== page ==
Your Ridiculous Money Issues Are Probably Killing Your Relationship

woman upset with husbandLove conquers all -- except, apparently, where overspending is concerned. That's the result of a new study from personal finance website


Just in time for Valentine's Day, the website surveyed over 5,000 Americans about their "financial deal breakers" in a relationship. Surprisingly, "ugh, he's a billionaire, and it's SUCH a drag" didn't make the top five.

What did?

Counting backwards:

#5. Poor credit.

#4. Too cheap.

#3. Too much debt.

#2. Secretive about finances.

#1. The aforementioned relationship killer: Overspending.

We think it's curious that people were more turned off by, say, someone who buys a new purse when they already have three vs. not knowing where that mysterious three grand in the bank came from, but whatever. The point is, overspending is like Kryptonite to relationships.

And what exactly qualifies as "overspending" does have some wiggle room, since we all have a different threshold for appropriate spending, explains Elyssa Kirkham, an editor at

"One clear definition is consistently spending more than you earn," she told The Stir. "This failure to live within your means can lead to other financial issues like credit card debt or anemic savings."

Neither of which is very romantic.

More from The Stir: 11 Couples Who Make the Saver vs. Spender Relationship Work (PHOTOS)

Interestingly, the men who participated in GOBankingRates's survey tended to be more worried about an overspending partner, says Kirkham, "which could indicate that men view themselves as having healthier spending patterns."

(And there is evidence to back this up.)

"Overspending can cause big problems because of how it reveals differences in financial values," Kirkham explains. "It can cause the frugal partner to feel like their partner is irresponsible, lacks self-control, and is even hurting the couple's financial future. The overspender, on the other hand, might feel resentful if they feel their partner is trying to control them or judging their behavior."

Are you guilty of being an overspender? Don't worry, we won't tell anyone. But we will suggest a few things you can do to curb this insidious habit and save your relationship in the meantime:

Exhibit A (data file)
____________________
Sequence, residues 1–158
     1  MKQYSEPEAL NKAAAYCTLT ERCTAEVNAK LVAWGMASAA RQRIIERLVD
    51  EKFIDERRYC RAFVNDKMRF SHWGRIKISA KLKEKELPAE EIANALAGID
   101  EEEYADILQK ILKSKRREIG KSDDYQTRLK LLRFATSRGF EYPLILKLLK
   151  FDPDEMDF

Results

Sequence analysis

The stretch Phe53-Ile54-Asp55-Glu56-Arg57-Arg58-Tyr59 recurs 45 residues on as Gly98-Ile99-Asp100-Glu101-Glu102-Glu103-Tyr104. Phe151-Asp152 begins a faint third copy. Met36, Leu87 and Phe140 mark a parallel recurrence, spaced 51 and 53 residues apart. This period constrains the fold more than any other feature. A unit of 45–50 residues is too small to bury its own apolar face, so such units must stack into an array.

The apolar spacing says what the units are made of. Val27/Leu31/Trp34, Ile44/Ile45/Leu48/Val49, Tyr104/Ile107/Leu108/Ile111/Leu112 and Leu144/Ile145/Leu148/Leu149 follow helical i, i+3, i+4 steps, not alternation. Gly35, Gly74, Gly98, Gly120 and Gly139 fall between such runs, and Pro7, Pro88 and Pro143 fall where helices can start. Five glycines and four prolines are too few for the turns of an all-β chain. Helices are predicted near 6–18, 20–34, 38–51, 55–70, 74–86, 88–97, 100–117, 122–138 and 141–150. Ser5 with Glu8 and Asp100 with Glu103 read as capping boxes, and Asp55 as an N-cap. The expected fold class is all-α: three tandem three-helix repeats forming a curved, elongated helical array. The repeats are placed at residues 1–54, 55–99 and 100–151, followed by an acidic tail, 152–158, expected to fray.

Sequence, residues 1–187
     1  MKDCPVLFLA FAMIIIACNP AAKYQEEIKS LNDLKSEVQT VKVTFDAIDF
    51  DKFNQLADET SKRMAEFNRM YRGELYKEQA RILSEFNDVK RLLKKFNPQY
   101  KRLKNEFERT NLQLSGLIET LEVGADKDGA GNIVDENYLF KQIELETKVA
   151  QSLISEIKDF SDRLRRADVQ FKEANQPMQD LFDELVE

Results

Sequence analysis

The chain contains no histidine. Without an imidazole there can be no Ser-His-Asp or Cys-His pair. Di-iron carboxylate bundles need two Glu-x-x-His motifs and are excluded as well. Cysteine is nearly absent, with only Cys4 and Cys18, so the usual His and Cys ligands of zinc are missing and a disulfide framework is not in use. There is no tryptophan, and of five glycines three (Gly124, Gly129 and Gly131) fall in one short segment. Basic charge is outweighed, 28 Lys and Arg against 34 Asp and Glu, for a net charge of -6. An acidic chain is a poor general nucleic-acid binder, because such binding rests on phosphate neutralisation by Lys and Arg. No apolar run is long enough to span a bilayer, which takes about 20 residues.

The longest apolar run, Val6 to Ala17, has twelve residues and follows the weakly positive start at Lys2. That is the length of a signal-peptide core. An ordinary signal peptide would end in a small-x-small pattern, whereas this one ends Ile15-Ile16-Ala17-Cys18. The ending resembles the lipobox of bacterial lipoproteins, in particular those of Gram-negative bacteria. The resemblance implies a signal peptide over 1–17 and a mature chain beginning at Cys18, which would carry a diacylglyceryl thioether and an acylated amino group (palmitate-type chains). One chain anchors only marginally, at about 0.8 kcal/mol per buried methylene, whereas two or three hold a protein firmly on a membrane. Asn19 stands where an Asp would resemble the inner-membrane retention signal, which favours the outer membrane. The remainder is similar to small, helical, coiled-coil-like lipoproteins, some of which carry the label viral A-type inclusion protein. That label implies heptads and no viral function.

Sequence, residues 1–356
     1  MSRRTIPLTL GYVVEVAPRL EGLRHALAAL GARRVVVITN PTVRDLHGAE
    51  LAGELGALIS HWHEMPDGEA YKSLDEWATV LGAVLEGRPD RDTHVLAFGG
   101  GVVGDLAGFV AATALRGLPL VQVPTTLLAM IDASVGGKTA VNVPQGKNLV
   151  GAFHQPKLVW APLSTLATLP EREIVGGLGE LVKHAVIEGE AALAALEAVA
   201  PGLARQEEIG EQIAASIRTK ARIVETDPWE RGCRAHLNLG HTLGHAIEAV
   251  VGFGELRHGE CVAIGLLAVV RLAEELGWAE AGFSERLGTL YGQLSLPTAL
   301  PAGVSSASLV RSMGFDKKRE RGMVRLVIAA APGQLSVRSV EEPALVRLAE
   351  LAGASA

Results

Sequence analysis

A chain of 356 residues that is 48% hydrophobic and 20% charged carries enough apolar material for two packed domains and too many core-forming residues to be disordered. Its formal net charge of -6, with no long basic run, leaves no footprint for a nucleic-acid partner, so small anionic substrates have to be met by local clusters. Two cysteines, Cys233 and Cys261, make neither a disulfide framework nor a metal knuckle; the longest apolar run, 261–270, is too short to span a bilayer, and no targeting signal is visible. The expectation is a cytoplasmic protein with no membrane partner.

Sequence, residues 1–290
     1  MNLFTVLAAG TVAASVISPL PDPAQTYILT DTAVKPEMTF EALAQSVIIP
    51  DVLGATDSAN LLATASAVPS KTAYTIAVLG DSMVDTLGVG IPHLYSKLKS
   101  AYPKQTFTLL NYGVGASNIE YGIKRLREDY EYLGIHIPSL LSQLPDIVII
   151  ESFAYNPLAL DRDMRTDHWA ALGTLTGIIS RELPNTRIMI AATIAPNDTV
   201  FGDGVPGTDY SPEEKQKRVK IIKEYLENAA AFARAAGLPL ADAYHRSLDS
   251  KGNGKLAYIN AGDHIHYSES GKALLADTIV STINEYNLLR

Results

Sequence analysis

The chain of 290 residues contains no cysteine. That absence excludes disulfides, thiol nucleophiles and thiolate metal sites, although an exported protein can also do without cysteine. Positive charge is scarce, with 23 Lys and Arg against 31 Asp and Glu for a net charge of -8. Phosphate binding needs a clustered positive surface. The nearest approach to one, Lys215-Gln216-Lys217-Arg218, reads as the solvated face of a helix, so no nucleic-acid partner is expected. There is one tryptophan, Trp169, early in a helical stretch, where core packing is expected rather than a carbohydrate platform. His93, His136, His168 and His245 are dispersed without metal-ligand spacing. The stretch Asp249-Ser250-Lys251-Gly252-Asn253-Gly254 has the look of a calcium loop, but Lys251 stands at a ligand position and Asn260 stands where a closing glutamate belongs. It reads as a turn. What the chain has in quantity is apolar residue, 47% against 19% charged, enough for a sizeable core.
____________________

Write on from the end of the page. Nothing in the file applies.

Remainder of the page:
1. Become an open book. Since another deal breaker is being secretive about your finances, "try to be honest about your spending habits and stay open to your partner's concerns," Kirkham advises. "This honesty will help create healthier and more productive discussions of your money."

2. Go over your budget. Nope, we don't mean you should blow your mortgage money on a trip to Ireland. (Sorry.) We mean sitting down and reviewing your admittedly boring ole budget with your partner. And when you do, "try to stay open to your partner's suggestions of where you two could spend less," says Kirkham.

One suggestion: Setting up a separate "fun money" fund for each of you. This cash that you can spend without answering to your spouse "will give you some breathing room to spend a little when you want," says Kirkham, "while keeping spending within a reasonable amount."

More from The Stir: 5 Ways to Handle Money Stress Without Freaking On Your Partner

3. Learn your triggers. "Pay attention to times when you're tempted to give in to the urge to splurge," says Kirkham. (PMS, anyone?) "Come up with alternative ways you can reward or care for yourself that don't involve spending."

Take a long, hot bath and catch up on your reading, for instance, while your husband keeps an eye on the kids. Or go for a long walk with your dog.

4. Mix it up. "When you're trying to change money habits, it can be helpful to disrupt your normal money management routine," points out Kirkham. For instance, try switching to a cash-only system so you can be more aware of how all your little daily purchases add up.

Or keep a running total of each item you buy when you go shopping. That way, Kirkham says, you can better decide if you really should buy each item -- and won't get sticker-shock when it's time to check out.

Romantic? Well, think of it this way: It's definitely more so than having screaming fights about money.



Image via Syda Productions/Shutterstock

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